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I have a "manager" class that returns objects when requested. The if the required object already exists in the object collection it is returned, else a new one is created, added to the collection, and returned. I also need to periodically remove the objects from the collection when they're no longer required. This is done by the Purge() method.

Initially I had made the Purge method part of the Manager class and made it private, as the intention is to only ever call it via a timer, and only the Manager ever needs to know about it.

However due to problems with unit testing it, I moved the Purge method into its own class and made the method public (and added some other public methods for the Manager to use to control its behaviour). This also allowed me to unit test it nicely.

Now that I'm looking over it again however, I can't help feeling the "Purge" class just isn't justifying itself. It is effectively just one method, and really it's the Manager's business to control the lifetime of the objects. In fact I was thinking of renaming the class "ThrottlerLifetimeManager". Plus given that both classes modify the collection, that increases the synchronization headache.

So I want to know, from a Single Responsibility perspective, whether the Purge functionality should be in its own class or just be a public method on the Manager class. Bearing in mind I want to be able to unit test the code.

Manager class:

public class ThrottlerManager : IThrottlerManager
{       
    private readonly IThrottlerFactory factory;
    private readonly IThrottlerCollection throttlers;
    private readonly IThrottlerPurger purger;
    private volatile bool shouldStop = false;

    public ThrottlerManager(IThrottlerFactory factory, IThrottlerCollection throttlers, IThrottlerPurger purger)
    {
        if (factory == null) throw new ArgumentNullException("factory");
        if (throttlers == null) throw new ArgumentNullException("throttlers");
        if (purger == null) throw new ArgumentNullException("purger");

        this.factory = factory;
        this.throttlers = throttlers;
        this.purger = purger;
    }


    public void Start()
    {
        var t = new TimeSpan(0, 1, 0);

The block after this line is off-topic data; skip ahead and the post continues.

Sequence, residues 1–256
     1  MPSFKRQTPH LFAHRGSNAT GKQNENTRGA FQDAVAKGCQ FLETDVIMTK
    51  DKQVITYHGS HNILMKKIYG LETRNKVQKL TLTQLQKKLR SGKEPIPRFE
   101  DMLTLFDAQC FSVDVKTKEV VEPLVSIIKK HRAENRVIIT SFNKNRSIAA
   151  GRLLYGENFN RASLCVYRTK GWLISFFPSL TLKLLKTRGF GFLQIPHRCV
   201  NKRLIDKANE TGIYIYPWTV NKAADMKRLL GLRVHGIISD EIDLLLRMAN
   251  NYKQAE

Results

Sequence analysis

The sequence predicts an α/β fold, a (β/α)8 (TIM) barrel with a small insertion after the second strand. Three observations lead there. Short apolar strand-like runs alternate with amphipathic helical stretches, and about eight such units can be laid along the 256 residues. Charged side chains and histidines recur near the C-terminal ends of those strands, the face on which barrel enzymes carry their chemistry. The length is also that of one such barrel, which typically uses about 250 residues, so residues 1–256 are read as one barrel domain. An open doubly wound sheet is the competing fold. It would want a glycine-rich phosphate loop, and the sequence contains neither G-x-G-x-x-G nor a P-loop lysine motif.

purger.StartAsyncPurge(t, t);
    }

    public void Stop()
    {
        lock (throttlers)
        {
            shouldStop = true;
            purger.StopAsyncPurge();
            StopAllThrottlers();
        }
    }

    private void StopAllThrottlers()
    {
        var running = throttlers.Values.ToList();
        running.ForEach(t => t.Stop());
        running.ForEach(t => t.WaitForThrottlerToStop());
    }

    public void ThrottleProcess(IMonitoredProcess process)
    {
        lock (throttlers)
        {
            if (shouldStop) return;

            var throttler = GetThrottlerFor(process);
            throttler.ThrottleProcess(process);
        }
    }

    private IThrottler GetThrottlerFor(IMonitoredProcess process)
    {
        var config = process.Config;
        var key = GetKeyFor(config);

        IThrottler throttler;
        if (throttlers.TryGetValue(key, out throttler))
        {
            if (throttler.IsAlive) return throttler;
            else throttlers.Remove(key);
        }

        throttler = factory.CreateThrottlerFor(config);
        throttlers.Add(key, throttler);
        return throttler;
    }

    private string GetKeyFor(IMonitoredProcessConfig process)
    {
        return process.SuspendTime.ToString() + "/" + process.ResumeTime.ToString();
    }


}

Purge class:

public class ThrottlerPurger : IThrottlerPurger
{
    private readonly IThrottlerCollection throttlers;
    private readonly ILogger logger;
    private readonly Timer timer;

    public ThrottlerPurger(IThrottlerCollection throttlers, ILogger logger)
    {
        if (throttlers == null) throw new ArgumentNullException("throttlers");